I’m not saying I want you to tell me.  Unless you really want to tell me.  We have a secret ballot.  Who you choose to vote for isn’t my business.  But of course I care.  I have strong opinions about the purpose of government.  In general, one candidate represents my opinions and the other doesn’t.  So I don’t really want you to vote for the other one.

But even if you’re going to vote for someone else.  Even if I don’t agree with your politics, I still think you should vote.

Even if you don’t want to vote for either of them, I still think you should show up to the polls.  You can leave that part of your ballot blank.  There’s a lot more going on this election that what’s at the top of the ballot.

There’s still time.  This election, I highly recommend Google for finding out about the people on your ballot.  I picked up the League of Women Voters non-partisan guide at the library, but I still had to Google in order to find info about the local library board and school board candidates.

The election is tomorrow.  I hope all of you who are eligible go and vote.  I’ll be at the polls* once I drop Anna off at school.

*Wearing white.  In case you haven’t figured out my politics by now.

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Happy Halloween!

I know I’ve been quiet for a while.  There hasn’t been much to say.  Get up, drop Anna off at school, go to work, pick Anna up from school, go home, go to bed, repeat…  But something happened yesterday that was too sweet not to share.

It’s rather balmy for Halloween this year.  It’s supposed to be in the 50s.  (Yes, balmy is a relative word this time of year.  I remember trick-or-treating in the snow, so 50 is warm!)  I was going to wear my 1920s costume since it’s warm enough that I wouldn’t freeze in it.  Fortunately, I thought to try it on while Anna was taking a nap yesterday.  Madge and Dorcas laughed and said, “Who do you think you are?  Grandma Mary*?”  The only easily accessible costume that fits is the snowman shirt we made when I was pregnant with Anna.  Guess I’ll be a snowman…  So I got the shirt out and hung it on the closet door.

Now, Anna is currently obsessed with snowman.  She’s going to be a chef for Halloween.  Her white chef’s jacket has black buttons.  She’ll tell you it’s a snowman.  She keeps calling all of the scarecrow decorations at our complex snowman.  She loves snowmen.

Yesterday evening, I was reading in the living room and Anna was playing everywhere (like you do when you’re 20 months old).  She suddenly came running down the hallway shouting, “Snowman! Snowman! Snowman!”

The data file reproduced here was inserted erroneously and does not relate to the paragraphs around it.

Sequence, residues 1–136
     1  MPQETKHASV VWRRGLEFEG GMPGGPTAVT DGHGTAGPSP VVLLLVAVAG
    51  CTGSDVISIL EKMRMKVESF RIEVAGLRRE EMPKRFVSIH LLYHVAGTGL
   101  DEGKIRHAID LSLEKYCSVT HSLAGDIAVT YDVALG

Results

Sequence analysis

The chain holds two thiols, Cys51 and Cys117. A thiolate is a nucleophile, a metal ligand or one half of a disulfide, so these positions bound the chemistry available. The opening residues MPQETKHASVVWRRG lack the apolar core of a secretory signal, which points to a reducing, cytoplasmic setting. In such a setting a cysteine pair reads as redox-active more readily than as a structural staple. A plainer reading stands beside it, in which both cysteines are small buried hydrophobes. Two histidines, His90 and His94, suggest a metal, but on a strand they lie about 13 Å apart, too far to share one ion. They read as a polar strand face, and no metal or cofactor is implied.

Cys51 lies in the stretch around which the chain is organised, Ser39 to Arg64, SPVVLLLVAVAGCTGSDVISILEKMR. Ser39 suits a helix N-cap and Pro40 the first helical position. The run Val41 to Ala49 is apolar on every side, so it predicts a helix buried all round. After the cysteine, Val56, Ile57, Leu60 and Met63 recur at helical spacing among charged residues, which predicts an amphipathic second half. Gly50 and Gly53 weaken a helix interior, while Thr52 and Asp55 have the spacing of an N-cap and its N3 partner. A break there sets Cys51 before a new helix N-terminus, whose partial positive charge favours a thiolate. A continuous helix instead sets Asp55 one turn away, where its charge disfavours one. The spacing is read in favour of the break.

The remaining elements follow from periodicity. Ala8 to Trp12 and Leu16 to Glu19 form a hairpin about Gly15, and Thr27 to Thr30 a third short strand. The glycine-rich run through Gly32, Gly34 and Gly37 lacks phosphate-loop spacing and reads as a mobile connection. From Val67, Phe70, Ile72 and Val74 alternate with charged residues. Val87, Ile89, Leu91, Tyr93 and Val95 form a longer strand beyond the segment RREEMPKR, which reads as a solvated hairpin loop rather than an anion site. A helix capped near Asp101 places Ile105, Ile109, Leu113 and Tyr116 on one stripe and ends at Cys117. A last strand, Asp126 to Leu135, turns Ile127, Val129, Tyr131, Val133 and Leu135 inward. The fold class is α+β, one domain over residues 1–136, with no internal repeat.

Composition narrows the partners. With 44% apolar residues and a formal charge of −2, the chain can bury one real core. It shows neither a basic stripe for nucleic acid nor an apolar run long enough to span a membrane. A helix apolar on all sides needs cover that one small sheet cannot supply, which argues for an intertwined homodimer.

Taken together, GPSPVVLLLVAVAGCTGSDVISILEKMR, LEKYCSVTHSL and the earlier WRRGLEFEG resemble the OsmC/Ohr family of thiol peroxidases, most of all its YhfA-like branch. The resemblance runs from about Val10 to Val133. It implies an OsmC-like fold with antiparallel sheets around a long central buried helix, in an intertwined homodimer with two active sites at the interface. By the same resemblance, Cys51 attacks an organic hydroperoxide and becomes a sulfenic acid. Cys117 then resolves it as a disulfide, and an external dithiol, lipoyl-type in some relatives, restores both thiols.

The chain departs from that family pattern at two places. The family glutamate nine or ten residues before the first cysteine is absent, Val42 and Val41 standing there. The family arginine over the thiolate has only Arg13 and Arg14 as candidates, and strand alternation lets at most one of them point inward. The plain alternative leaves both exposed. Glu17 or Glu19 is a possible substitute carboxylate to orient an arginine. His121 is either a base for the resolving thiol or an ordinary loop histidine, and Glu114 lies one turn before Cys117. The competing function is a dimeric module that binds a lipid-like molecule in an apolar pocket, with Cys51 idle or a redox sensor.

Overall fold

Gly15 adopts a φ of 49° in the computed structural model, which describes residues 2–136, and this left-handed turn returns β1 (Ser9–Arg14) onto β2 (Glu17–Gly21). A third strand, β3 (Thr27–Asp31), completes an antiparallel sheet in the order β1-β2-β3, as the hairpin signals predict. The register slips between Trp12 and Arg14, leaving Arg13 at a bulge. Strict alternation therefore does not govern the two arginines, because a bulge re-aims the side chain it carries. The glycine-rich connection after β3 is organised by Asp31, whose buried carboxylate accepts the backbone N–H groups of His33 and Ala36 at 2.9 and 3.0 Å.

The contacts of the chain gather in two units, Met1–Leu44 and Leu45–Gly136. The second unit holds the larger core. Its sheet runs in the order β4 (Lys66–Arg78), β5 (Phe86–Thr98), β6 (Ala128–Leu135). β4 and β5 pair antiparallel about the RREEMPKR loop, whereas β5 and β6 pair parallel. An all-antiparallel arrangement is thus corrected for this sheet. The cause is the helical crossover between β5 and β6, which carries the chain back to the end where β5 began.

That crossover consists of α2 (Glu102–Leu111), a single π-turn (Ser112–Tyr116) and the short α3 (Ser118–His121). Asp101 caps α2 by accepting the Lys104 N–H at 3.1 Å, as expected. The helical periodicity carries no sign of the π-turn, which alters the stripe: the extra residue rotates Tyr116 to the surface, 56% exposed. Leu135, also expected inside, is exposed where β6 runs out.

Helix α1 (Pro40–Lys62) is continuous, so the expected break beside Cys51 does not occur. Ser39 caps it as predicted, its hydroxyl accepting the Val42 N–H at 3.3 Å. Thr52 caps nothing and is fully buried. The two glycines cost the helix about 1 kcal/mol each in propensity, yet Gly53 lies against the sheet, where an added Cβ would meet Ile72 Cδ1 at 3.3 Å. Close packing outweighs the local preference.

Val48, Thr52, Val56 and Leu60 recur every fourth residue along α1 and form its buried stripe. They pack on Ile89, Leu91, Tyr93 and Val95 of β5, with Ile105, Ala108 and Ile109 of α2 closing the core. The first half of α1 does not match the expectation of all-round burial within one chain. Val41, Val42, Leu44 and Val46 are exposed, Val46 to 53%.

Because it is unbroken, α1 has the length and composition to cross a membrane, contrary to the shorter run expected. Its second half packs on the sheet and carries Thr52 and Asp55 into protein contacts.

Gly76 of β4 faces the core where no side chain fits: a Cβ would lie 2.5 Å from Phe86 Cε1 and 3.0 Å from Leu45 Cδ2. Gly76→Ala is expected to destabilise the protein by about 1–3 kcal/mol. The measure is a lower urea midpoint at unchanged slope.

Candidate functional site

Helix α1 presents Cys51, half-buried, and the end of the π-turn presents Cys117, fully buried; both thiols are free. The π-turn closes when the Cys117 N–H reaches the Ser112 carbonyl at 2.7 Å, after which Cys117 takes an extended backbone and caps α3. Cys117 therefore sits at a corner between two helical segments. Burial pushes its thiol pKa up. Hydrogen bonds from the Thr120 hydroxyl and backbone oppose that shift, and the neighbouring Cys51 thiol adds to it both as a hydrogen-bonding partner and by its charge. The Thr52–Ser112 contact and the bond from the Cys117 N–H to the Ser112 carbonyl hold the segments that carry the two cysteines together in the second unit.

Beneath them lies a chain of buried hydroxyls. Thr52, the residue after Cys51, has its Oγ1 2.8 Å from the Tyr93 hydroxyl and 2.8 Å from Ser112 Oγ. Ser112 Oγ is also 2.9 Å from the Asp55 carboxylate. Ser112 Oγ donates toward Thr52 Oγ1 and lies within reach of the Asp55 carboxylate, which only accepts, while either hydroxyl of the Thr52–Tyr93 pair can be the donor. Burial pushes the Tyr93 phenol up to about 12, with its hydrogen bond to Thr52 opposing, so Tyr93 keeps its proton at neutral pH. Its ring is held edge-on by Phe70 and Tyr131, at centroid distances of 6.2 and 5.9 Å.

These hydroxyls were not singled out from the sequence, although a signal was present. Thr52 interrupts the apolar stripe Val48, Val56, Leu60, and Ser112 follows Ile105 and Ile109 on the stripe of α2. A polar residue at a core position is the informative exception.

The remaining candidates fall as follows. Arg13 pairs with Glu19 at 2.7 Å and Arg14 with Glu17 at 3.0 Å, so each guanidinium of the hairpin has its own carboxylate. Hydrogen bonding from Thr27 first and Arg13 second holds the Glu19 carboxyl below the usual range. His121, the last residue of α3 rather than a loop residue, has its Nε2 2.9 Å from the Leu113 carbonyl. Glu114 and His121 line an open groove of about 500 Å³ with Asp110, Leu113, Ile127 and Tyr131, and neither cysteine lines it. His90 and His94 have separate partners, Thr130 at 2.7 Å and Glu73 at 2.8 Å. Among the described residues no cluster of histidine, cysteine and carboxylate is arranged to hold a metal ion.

“Where did you see a snowman?” I asked, knowing full well.  She took my hand and led me to where my shirt was hanging on the closet door.  She showed me the snowman’s nose and eyes and mouth and we talked about the buttons that would be its shirt.

It gets better.

A bit later, she put her baby in the stroller and took her for a walk.  Down the hall.  To my bedroom.  Right up to my costume.  I lurked in the hallway and watched as she showed baby all about the snowman in Mamma’s room.

Yeah.  I think I’m wearing the right costume this year.

*Contrary to popular culture, the majority of women in the 1920s were not flappers.  My mom’s grandmother, however, actually was one.

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I Think I Might Have Started Something

I picked Anna up from daycare yesterday.  She still spent the night at my parents’ house, but I took her there and stayed until she went to bed.  I’m not sure who was happier, her or me.

So daycare.  I told you about the hoopla in yesterday’s post.  When I got there, Lindsay, the assistant director, came around to give me a hug.  I asked if everything was straightened out, and she said it was.  They’d talked to the Health Department and been assured that all the information I had given them was correct.  And the other parent (or rather his/her mother) had given exactly the same information, too.  So they were good and glad to see me back.

Here’s the rest of the story.  A parent had heard that there were two other parents with viral meningitis and called their pediatrician in a panic.  “There are two parents with meningitis at my daycare!”  And instead of taking a deep breath and asking what type of meningitis, the pediatrician’s office fed the fire.  One of the pregnant teachers had called her OB’s office and the phone nurse was the one who told her that she couldn’t come back to the clinic until she had three notes of clear meningitis tests: one for each child and one for herself.  Again, exactly the opposite of how that HCP should have handled the question.